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Monday, May 20, 2013

Will the Dolphins’ Free Agency Spending Help Ryan Tannehill?

For the Miami Dolphins, last year started with a lot of excitement, with a new coach in Joe Philbin, a new quarterback in Ryan Tannehill, and a new buzz with the exposure created by HBO’s series Hard Knocks.  This year, Philbin and Tannehill will both be entering their secondseason leading this team, and the team will be expected to improve on their 7-9 record last year.  To help Tannehill, the Dolphins were the most active team in free agency this offseason, resigning critical team members, as well as bringing in new talent at important skill positions.



In order for Tannehill to improve, the Dolphins needed to focus on two positions: wide receiver and left tackle.  The first need that the Dolphins addressed was at receiver, because Miami had one of the worst receiving corps in the NFL, though Brian Hartline started to emerge into a star at the end of the year.  The Dolphins rewarded Hartline with a 5-year deal, and then signed one of the best receivers in free agency, Mike Wallace.   Signing both receivers was an important step for Tannehill’s development because of their complementary skill sets.  Hartline is a big receiver (6’2, 200 pounds), who can spread the field, but is best at finding open spots in the defense.  Mike Wallace, on the other hand, is a pure speed receiver, and will be able to give the Dolphins a deep threat for Tannehill to utilize.  Wallace will require the opposing safety’s constant attention, which will allow the other Dolphins receivers to stretch the field and take advantage of lapses in coverage.  The Dolphins also needed to add an impact tight end, after letting Anthony Fasano go in the offseason.  The Dolphins lured Dustin Keller away from the division-rival Jets, who was Mark Sanchez’s favorite target.  Keller will provide Tannehill with a solid safety valve in the passing game, but is also a good route runner, and will be used with Wallace and Hartline to open up the field.

Though the Dolphins added weapons on offense, Miami was dealt a huge blow when former first round pick Jake Long signed with the Rams.  Long had been Miami’sstarting left tackle since they drafted him #1 in 2008, and was going to protect Tannehill’s blind side for many years.  However, by the time Long had signed with the Rams, the top left tackle free agents had been signed by other teams.  The Dolphins signed former Atlanta Falcons tackle Tyson Clabo to protect Tannehill.  Clabo is no stranger to protecting young up-and-coming quarterbacks, as he has protected Matt Ryan since Ryan’s rookie year.  Clabo is a very consistent choice because he has started every game since his debut with the Falcons in 2006.  Clabo, like Long, is a big body that has surprisingly quick feet, allowing him to not only take up a lot of space, but also allowing him tohedge defensive ends away from the quarterback.  With a solid blind side protector, Tannehill should be able to take his time with his footwork and mechanics, allowing him to be a more consistent passer.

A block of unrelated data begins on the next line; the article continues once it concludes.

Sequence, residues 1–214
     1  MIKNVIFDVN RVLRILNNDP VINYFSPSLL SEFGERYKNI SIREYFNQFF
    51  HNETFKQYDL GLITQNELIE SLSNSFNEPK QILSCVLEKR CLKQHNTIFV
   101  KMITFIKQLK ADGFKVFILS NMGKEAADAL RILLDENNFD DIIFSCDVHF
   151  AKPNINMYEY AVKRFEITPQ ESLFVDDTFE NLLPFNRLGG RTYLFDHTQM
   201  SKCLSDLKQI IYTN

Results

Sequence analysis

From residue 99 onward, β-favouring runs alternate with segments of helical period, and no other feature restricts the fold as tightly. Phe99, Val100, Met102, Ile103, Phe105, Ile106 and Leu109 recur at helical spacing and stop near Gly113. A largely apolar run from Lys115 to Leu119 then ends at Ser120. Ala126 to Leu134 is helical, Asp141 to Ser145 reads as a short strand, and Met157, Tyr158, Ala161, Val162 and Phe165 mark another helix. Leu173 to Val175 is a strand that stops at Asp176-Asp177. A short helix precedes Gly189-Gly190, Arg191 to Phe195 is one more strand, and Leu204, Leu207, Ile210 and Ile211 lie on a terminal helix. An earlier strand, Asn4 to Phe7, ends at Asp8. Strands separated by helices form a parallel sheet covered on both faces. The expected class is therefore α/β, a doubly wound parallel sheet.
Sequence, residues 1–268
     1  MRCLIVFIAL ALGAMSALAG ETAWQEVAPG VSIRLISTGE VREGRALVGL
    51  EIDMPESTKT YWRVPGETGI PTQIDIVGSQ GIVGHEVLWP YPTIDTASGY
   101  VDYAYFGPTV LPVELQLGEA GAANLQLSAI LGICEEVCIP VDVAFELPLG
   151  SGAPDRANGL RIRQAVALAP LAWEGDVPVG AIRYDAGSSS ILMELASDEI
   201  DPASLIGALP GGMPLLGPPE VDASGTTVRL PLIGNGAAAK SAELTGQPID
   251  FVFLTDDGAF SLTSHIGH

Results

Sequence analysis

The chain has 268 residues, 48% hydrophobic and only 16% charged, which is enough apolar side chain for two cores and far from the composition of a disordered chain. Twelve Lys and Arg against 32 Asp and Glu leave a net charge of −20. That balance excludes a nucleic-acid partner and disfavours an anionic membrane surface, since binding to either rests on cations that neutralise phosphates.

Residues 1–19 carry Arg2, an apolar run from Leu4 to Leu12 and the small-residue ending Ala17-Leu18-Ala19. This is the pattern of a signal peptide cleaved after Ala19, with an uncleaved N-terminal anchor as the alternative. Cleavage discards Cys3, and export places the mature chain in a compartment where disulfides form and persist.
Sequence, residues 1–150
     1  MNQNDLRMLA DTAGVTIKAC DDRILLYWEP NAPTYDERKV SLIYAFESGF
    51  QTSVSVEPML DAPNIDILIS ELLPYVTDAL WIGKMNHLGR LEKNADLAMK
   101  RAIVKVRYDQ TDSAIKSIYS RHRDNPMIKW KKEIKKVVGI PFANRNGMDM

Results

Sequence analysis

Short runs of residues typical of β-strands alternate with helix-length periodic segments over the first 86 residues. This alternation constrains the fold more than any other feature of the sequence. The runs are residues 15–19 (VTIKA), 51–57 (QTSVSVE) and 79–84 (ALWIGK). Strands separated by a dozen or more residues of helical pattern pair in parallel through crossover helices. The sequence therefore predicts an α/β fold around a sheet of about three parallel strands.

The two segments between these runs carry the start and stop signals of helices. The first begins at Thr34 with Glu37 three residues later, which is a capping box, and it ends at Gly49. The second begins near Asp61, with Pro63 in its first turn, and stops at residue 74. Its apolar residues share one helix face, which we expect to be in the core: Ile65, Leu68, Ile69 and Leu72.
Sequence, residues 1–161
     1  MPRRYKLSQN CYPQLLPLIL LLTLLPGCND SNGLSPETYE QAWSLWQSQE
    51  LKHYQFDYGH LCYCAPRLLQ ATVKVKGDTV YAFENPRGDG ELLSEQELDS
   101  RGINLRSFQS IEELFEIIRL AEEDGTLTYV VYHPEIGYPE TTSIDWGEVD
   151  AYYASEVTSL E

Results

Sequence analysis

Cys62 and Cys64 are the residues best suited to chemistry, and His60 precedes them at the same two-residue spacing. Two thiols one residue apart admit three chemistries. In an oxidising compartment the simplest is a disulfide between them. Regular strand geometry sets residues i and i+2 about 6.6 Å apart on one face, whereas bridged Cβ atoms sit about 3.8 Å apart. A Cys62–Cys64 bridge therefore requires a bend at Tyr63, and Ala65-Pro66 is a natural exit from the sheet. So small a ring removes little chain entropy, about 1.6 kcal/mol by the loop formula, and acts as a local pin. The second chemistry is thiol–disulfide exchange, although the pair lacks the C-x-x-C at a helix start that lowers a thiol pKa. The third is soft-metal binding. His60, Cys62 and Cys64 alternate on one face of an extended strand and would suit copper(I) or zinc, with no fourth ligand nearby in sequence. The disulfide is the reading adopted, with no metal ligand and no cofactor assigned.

The Miami Dolphins are still probably a year or two from challenging the Patriots for the AFC East title, not to mention challenge the best in the league in the playoffs.  In order for them to do this, Ryan Tannehill will need to take the next step in his progression as a quarterback to become more consistent and more aware of opposing defenses.  However; with the new receiving options that he has, as well as a solid blind-side protector, Tannehill has the weapons to make the next step, now he just needs to take it.

By

Bryan Ridall
@bryanridall

3 comments:

  1. You're a moron.... Clabo is a right tackle. Martin will be protecting Tannehill's blindside and nobody should e exicited about that.

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  2. hahahahah, "you're a moron" reminds me of the House MD commercial

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  3. I believe the Dolphins will challenge for the division right now. If you look back over the last decade of New England's dominance, while the Pats have been the most prolific team in the division on offense, Miami has been the best on defense. Miami has not had a true "deep threat" receiver or seem threat tight end over that time and has still managed to have the good success against New England. This of course was without a quarter back as well. Last year, Miami could have easily won 2 or 3 more games last year and posted a 9-7 or even a 10-6 record. This years team will be much improved and again I think will surprise most people and possibly win the division. I do agree they will need this year to "jell" as a team and add another piece or two in the offseason before becoming a true deep playoff team and possible SB contender.

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